Medical personnel interrogated and tortured CIA terror suspects at secret prisons in what has been described as a "gross breach of medical ethics," a report by the International Committee of the Red Cross revealed.
The medical professionals monitored prisoners undergoing waterboarding and were present when guards confined detainees to small boxes, shackled them to the ceiling, kept them in cold cells and slammed them into walls, the New York Times reported.
"I look after your body only because we need you for information," one medical worker is quoted as saying in the report.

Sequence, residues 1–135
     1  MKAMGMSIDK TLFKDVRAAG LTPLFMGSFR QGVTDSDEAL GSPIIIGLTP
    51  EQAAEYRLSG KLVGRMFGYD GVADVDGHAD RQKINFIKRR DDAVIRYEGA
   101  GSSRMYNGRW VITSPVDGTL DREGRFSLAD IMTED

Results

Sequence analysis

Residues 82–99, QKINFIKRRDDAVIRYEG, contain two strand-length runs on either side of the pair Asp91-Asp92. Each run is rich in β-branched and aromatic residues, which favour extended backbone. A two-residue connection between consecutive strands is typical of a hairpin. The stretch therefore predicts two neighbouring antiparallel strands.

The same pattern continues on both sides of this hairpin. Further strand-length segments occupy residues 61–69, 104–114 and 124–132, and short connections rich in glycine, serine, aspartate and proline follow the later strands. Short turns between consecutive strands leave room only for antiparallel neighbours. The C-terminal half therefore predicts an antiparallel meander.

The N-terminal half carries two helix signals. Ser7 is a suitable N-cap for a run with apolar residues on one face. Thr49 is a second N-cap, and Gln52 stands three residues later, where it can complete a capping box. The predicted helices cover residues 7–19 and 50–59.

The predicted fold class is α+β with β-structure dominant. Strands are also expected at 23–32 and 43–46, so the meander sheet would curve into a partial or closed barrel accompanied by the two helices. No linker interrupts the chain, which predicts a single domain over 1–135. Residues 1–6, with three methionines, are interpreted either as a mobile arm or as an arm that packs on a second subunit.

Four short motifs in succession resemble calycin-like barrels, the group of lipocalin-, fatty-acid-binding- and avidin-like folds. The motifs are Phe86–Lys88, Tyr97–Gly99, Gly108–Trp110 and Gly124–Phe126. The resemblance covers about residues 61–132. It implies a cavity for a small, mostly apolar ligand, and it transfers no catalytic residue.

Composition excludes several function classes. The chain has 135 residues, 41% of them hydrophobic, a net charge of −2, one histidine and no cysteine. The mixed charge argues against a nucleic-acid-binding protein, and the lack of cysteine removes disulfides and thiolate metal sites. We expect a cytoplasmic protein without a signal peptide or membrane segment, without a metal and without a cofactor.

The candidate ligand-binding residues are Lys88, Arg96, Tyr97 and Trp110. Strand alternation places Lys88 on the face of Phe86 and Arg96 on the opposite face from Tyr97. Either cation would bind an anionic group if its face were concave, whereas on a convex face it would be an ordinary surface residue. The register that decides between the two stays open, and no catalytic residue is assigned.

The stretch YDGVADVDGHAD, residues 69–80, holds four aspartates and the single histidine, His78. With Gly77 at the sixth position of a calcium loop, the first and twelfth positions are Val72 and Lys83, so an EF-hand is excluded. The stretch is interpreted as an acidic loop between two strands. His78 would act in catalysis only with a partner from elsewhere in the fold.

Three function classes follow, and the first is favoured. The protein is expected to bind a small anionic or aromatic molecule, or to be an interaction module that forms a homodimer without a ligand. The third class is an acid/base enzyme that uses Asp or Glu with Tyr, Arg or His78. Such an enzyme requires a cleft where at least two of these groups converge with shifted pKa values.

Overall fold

The findings in the report were based on the statements of 14 prisoners moved to Guantanamo Bay in 2006.
The Red Cross concluded that the medics had "condoned and participated in ill treatment" of prisoners and noted that at times workers "gave instructions to interrogators to continue, to adjust or to stop particular methods."
It was unknown what type of medical professionals helped with interrogations but sources told the Times that psychologists helped run the CIA's program and physicians' assistants, former military paramedics and sometimes physicians worked in it regularly.
The 43-page report (PDF file here) was written in 2007 shortly after former President George W. Bush said publicly the United States had not tortured prisoners at the secret CIA prisons. It was first made available on the New York Review of Book website on Monday.